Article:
Original contributions| Volume 31, ISSUE 1, P115-119, January 2005

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Antibacterial effects of extracorporeal shock waves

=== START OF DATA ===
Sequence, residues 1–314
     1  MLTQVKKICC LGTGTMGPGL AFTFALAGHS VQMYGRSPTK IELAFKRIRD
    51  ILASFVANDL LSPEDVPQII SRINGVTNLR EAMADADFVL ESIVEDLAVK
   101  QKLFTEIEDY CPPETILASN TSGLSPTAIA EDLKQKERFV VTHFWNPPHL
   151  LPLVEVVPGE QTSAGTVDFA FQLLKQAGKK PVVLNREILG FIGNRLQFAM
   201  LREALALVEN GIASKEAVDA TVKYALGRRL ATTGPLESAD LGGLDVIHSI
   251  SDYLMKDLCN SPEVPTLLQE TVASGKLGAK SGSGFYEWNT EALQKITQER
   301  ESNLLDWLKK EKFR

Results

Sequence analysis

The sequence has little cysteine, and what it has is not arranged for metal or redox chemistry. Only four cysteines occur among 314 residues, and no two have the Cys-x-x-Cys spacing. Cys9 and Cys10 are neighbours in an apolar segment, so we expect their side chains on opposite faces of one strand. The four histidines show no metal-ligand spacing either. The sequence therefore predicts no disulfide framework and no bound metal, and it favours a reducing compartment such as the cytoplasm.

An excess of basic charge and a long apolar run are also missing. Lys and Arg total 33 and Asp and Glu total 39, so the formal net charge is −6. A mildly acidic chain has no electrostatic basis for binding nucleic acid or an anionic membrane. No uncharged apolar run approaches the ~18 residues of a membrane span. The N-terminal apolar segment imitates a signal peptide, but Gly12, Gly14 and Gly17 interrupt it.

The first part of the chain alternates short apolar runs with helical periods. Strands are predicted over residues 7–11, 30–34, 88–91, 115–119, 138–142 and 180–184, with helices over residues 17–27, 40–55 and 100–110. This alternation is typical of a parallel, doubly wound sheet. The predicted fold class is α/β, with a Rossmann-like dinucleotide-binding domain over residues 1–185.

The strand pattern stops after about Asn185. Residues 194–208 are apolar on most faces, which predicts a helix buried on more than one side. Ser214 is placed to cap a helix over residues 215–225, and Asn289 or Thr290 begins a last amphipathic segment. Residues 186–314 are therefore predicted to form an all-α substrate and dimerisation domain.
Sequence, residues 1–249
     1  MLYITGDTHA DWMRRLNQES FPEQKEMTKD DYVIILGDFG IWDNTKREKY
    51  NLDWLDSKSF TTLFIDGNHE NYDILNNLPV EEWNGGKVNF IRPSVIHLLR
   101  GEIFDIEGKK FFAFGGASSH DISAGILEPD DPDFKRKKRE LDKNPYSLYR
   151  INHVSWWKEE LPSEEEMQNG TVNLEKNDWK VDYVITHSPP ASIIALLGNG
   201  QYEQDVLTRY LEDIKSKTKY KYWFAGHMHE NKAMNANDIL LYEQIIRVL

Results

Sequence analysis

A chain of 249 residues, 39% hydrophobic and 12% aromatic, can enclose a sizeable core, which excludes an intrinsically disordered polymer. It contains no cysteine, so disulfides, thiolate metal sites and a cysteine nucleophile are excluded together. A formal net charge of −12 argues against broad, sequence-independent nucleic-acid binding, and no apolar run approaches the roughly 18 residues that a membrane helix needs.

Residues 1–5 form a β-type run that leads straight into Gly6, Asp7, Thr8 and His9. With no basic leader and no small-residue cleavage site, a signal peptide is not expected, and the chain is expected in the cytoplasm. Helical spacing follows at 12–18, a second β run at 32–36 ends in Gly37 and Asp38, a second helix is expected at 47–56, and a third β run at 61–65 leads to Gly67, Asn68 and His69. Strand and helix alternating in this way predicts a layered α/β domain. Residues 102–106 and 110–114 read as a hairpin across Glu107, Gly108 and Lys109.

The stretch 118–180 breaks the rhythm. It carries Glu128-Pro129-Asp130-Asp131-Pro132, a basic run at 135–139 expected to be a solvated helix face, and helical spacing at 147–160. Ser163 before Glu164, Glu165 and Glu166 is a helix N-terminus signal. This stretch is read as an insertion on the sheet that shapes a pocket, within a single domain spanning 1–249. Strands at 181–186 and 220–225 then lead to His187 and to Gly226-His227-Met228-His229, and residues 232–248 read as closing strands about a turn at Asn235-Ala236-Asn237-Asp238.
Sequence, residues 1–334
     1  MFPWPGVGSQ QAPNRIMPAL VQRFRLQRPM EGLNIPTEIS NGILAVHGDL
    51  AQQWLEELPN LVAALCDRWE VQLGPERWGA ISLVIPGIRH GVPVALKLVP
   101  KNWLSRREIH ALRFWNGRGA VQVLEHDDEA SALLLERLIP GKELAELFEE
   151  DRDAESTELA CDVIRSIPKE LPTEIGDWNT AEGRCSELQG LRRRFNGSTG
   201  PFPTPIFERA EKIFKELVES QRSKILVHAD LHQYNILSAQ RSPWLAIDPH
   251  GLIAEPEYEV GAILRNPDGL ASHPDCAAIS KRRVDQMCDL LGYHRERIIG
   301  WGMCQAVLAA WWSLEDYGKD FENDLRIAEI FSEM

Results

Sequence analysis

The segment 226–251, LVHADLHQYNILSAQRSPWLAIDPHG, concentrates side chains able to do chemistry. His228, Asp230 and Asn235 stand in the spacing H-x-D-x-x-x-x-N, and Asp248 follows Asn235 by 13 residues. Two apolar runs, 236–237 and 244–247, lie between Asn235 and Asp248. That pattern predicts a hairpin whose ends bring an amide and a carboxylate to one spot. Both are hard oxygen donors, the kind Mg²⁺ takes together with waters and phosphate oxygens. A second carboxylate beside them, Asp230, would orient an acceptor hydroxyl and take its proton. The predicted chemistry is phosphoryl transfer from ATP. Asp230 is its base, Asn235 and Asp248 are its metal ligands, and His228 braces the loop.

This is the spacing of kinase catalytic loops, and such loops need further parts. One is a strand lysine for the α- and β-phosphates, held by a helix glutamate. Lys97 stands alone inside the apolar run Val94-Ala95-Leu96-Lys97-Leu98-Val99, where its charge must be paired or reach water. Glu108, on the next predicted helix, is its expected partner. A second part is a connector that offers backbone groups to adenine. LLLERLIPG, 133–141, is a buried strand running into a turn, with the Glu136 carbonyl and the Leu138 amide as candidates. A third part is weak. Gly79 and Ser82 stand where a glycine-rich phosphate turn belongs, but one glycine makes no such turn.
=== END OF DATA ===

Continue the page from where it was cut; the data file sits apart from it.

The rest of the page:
Despite considerable knowledge about effects of extracorporeal shock-wave therapy (ESWT) on eukaryotic tissues, only little data are available concerning their effect on prokaryotic microorganisms. The objective of the present study was to determine the bactericidal activity as a function of energy flux density and shock-wave impulse number. Standardised suspensions of Staphylococcus aureus ATCC 25923 were exposed to different impulse numbers of shock waves with an energy flux density (ED) up to 0.96 mJ mm−2 (2 Hz). Subsequently, viable bacteria were quantified by culture and compared with an untreated control. After applying 4000 impulses, a significant bactericidal effect was observed with a threshold ED of 0.59 mJ mm−2 (p < 0 · 05). A threshold impulse number of more than 1000 impulses was necessary to reduce bacterial growth (p < 0 · 05). Further elevation of energy and impulse number exponentially increased bacterial killing. ESWT proved to exert significant antibacterial effect in an energy-dependent manner. Certain types of difficult-to-treat infections could offer new applications for ESWT. (E-mail: [email protected])

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